LAST weekend Spain had its second general election this year and its fourth in four years. Prime Minister Pedro Sanchez gambled on an election to firm up the fragile position of Spain’s governing Spanish Socialist Workers’ Party (PSOE) and break the country’s political deadlock. He lost.
The election resulted in Spain’s centre Left and far Left suffering badly. Meanwhile the centre Right and Right-wing parties have gained ground, and in the shape of Vox, made a stunning breakthrough.
The breakdown of seats gained in the Congress of Deputies, or lower house, is:
Left: PSOE 120, Unidos Podemos 35, Mas Pais 3. Total 158
Right and centre Right: Popular Party 88, Vox 52, Ciudadanos 10. Total 150
Regional and Catalan Independence 23, Other 19. Total 42
The main conservative party, the centre Right Popular Party, won 88 seats, up from 66 in the previous poll. However Vox, the Right-wing populist party, made the headlines by coming in with 15.1 per cent of the vote, up from 10 per cent in April. Making the most significant gains of the day, Vox ended up with 52 seats, more than doubling their representation from April’s election when they had 24.
After this breakthrough Vox are now the third force in Spain’s Congress of Deputies, and the momentum seems to be with them. Greeted by cheering crowds in Madrid, Vox leader Santiago Abascal said he wanted to build a ‘patriotic alternative’ for the country.
Abascal proclaimed the party’s results a breakthrough in the culture war against the progressive Left. ‘We have led a cultural and political change, because we have opened up all the forbidden debates and told the Left that the story isn’t over yet and that they don’t have any moral superiority,’ he said.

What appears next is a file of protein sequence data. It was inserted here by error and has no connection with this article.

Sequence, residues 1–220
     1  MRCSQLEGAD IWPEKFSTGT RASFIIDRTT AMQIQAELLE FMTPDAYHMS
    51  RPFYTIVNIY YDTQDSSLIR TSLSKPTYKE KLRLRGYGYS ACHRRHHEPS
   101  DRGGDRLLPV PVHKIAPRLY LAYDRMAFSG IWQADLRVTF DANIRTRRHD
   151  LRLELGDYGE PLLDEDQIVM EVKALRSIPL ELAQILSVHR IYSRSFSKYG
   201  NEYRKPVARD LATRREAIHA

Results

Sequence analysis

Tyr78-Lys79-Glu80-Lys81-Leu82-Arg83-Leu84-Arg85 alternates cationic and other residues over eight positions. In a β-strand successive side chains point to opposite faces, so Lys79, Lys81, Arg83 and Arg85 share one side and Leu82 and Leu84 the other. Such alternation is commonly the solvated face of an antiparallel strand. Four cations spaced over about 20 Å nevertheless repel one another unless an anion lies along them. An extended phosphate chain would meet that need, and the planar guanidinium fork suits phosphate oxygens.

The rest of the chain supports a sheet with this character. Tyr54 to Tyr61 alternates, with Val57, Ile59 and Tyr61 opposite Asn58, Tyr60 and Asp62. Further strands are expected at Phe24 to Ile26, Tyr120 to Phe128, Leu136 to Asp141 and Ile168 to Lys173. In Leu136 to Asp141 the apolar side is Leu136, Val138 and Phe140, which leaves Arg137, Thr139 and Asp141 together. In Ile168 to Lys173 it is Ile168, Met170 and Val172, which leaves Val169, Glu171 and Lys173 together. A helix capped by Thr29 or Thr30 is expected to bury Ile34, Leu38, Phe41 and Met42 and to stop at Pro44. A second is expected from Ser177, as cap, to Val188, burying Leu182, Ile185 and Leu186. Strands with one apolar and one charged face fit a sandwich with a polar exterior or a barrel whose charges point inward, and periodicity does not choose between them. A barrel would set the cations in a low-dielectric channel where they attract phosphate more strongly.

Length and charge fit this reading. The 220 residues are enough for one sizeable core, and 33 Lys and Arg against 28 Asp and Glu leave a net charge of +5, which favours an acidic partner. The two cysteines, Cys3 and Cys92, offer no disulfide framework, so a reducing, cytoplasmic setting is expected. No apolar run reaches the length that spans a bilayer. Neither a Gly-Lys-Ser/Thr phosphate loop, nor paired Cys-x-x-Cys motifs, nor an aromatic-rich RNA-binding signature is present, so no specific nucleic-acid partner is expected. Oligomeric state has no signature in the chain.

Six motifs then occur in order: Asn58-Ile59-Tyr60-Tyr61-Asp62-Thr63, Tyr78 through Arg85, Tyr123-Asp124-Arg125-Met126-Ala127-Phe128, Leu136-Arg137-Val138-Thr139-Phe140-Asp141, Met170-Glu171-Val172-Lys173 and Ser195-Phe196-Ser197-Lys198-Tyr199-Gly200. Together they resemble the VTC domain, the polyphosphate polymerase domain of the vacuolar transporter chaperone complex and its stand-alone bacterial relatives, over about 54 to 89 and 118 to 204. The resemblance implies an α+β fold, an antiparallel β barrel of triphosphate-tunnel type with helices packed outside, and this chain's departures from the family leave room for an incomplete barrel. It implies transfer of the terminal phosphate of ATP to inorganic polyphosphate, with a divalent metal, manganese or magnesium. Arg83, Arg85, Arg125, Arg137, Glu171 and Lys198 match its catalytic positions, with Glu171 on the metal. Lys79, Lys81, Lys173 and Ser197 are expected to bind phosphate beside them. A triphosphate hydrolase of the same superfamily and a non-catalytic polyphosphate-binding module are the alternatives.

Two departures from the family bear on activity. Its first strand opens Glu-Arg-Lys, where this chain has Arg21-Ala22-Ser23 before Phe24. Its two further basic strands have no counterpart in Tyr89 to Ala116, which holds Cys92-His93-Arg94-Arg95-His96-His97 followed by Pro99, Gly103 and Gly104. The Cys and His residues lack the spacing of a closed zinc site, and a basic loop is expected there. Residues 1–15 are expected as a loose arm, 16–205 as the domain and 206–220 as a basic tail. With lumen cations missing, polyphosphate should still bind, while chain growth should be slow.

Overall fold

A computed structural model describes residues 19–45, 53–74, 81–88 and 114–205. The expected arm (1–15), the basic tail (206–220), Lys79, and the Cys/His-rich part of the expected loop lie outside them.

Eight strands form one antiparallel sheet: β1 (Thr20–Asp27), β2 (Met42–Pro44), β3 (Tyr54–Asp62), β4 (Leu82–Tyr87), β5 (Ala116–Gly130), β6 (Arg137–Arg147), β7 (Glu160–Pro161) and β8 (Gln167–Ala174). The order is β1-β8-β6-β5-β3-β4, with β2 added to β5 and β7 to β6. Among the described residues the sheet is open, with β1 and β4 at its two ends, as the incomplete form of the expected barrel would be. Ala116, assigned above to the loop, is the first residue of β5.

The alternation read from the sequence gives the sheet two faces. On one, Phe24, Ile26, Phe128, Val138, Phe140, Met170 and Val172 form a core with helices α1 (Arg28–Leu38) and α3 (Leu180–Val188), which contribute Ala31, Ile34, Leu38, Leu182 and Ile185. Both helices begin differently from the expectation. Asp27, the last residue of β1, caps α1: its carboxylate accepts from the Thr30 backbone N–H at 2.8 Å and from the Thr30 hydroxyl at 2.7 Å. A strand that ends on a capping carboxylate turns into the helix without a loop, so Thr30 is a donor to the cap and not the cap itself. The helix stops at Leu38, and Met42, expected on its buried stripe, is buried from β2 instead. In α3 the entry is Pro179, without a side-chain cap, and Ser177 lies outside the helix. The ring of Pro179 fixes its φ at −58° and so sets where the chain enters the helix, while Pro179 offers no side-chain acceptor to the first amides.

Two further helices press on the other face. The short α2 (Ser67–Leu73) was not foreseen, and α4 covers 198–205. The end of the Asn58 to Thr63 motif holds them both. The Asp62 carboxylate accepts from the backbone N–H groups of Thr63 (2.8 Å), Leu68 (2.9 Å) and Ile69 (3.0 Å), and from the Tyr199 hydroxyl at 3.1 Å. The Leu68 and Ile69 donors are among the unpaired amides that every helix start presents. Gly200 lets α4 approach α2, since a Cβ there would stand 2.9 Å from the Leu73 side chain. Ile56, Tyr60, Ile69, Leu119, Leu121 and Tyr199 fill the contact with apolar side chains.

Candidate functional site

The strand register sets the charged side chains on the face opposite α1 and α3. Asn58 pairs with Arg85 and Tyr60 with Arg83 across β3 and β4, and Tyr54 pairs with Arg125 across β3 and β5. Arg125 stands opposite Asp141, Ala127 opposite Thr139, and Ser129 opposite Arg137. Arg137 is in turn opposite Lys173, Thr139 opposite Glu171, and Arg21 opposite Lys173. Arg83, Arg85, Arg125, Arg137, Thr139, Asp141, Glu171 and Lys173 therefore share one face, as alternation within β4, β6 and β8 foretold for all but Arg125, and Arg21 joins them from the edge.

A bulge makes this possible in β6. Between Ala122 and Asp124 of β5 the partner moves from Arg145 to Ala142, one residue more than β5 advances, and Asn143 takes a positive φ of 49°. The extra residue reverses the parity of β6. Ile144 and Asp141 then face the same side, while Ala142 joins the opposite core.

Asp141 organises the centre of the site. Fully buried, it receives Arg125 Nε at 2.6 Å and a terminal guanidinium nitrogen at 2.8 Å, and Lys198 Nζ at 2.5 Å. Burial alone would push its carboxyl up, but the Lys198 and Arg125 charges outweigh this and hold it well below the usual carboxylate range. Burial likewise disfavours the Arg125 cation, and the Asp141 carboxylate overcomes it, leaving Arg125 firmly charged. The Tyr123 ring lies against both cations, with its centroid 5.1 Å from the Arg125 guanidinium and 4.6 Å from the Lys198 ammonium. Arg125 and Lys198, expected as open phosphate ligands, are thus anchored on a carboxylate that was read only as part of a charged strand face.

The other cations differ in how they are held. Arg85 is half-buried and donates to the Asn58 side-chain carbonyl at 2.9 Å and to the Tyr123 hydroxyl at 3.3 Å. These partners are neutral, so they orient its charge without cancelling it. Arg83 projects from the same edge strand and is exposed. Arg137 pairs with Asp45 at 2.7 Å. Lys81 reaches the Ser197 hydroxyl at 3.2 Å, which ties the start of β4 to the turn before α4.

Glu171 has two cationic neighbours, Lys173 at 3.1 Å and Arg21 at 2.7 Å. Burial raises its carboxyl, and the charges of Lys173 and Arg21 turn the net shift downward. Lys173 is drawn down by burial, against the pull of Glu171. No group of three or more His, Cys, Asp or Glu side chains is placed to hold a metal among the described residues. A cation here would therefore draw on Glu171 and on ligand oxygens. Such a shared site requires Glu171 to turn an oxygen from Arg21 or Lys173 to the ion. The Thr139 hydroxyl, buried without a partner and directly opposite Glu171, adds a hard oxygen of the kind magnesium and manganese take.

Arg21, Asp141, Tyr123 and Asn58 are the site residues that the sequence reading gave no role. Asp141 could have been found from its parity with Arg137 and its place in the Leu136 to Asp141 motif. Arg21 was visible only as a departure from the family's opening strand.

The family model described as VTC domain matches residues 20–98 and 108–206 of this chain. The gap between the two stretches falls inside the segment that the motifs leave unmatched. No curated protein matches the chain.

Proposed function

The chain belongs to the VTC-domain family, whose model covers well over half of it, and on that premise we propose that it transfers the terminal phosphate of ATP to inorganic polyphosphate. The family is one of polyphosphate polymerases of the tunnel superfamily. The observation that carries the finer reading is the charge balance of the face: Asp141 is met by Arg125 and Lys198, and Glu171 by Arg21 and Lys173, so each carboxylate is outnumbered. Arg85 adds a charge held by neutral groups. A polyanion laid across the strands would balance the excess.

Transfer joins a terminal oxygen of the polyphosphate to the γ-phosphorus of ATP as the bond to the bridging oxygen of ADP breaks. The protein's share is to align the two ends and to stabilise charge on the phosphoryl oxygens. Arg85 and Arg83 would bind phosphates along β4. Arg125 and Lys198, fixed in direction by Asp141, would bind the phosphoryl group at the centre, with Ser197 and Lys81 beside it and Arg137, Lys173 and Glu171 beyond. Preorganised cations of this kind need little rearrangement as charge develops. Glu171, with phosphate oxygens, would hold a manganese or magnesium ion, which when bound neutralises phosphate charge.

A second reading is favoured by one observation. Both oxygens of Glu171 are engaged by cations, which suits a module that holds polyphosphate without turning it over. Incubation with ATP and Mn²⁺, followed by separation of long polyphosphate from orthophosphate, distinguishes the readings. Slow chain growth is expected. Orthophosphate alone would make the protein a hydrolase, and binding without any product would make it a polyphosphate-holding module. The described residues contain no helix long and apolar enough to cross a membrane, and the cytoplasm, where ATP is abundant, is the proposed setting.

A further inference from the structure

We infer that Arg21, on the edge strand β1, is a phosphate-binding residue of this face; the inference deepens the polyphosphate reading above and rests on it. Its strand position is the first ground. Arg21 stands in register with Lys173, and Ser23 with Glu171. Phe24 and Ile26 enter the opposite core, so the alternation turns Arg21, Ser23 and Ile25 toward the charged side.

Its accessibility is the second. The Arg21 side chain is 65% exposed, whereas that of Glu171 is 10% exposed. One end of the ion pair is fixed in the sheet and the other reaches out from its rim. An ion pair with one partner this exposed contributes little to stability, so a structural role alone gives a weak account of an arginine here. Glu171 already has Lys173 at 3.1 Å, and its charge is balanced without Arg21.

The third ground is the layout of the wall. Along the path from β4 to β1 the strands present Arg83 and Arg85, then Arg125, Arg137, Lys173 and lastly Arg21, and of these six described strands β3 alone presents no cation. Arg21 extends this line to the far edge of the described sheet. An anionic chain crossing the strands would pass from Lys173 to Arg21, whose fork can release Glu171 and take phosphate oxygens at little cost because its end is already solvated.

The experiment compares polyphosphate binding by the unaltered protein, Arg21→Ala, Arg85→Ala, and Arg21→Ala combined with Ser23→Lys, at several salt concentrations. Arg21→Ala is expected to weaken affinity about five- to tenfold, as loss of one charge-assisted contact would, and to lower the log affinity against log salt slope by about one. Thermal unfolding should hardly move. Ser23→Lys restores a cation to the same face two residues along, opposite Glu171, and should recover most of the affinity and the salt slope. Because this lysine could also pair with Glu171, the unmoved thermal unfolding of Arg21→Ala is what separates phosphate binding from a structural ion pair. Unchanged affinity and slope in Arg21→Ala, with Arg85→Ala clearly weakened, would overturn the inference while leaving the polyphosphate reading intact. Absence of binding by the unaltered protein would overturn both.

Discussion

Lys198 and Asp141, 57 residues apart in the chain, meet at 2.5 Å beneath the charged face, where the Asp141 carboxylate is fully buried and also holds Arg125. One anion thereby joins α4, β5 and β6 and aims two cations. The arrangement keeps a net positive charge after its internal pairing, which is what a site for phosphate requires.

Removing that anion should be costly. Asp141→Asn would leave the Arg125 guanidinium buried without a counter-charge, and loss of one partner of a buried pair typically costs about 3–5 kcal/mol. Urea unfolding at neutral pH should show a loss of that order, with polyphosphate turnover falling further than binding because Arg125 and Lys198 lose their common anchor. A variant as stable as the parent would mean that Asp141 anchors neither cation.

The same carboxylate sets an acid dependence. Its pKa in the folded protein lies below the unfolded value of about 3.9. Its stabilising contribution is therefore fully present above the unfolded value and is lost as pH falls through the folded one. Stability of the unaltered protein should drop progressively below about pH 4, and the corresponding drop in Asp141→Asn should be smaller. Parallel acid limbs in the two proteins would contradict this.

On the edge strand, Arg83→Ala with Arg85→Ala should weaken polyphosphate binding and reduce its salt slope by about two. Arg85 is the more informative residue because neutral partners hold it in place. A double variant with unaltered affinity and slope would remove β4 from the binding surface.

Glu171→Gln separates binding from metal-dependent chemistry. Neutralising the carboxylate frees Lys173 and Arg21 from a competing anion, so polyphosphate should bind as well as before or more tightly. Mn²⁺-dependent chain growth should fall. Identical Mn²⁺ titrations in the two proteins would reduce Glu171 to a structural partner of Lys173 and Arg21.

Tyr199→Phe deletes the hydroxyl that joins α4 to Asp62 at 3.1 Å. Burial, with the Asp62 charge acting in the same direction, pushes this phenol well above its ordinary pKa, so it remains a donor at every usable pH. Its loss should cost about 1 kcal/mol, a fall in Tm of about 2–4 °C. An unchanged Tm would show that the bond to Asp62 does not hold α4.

The socialist PSOE topped the poll but still ended up in a weaker position than before. PSOE won three fewer seats than in April’s election and fell far short of a majority with only 120 of 350 seats. Even more serious for the Left was the collapse in the vote for PSOE’s most viable partner, the far-Left populist Unidos Podemos (United We Can) which won only 35 seats and lost seven.
It was the centrist anti-austerity Ciudadanos (Citizens) party who were the biggest losers. Despite swinging to the Right by opposing the Catalan independence movement, Ciudadanos still managed to lose 47 seats, winning only ten.
Earlier this year Ciudadanos’s leader, Albert Rivera, had his sights on the premiership. In April he refused point blank to talk to prime minister Sanchez about a possible coalition. Rivera thought his party was poised to overhaul the PP to become the main opposition and then go on to achieve power. The stunning collapse of Ciudadanos has been humbling.
It appears that most of the votes Ciudadanos lost went to Vox and PP, who have a more robust and consistent attitude in refusing to countenance the break-up of Spain which would be brought about by Catalan departure.
PSOE have refused a grand coalition with the Popular party, so their best chance of regaining power is if they manage to forge a new alliance with the far-Left Unidos Podemos. To do this they will need the assistance of other smaller parties. A new Left-wing party Mas País (More Country), and the smaller regional and separatist parties Catalan Republican Left (ERC) or Together for Catalonia (JxCat) may be brought into coalition.
After the last election, attempts to form a Left-wing coalition stumbled with the leaders of PSOE and Unidos Podemos exchanging bitter recriminations. However, during the latest election Pablo Iglesias, the leader of Unidos Podemos, was already putting out feelers for a new coalition with the socialists to form a stable ‘progressive’ government.
As he cast his vote, Iglesias said: ‘We are going to offer a helping hand to the Socialist party. We think that combining the courage of United We Can and the experience of the Socialist party we can convert our country into a reference point for social policies.’
The Right in Spain pay a price for opposing Catalan independence. They may retain Spain’s wealthiest region but they lose overall political influence. If Catalonia were to gain independence it is likely that Spain would be a more stable and conservative nation.
Catalonia gets 48 seats in the Congress of Deputies. In Sunday’s election only six of those seats went to the nationwide centre Right parties. If the Catalan seats are taken out of the equation the centre Right would have 144 seats, just eight seats shy of a majority out of 302 seats which could be made up with members from the small regional parties.
Spain will probably remain without a ruling coalition again and another election after Christmas is more than likely.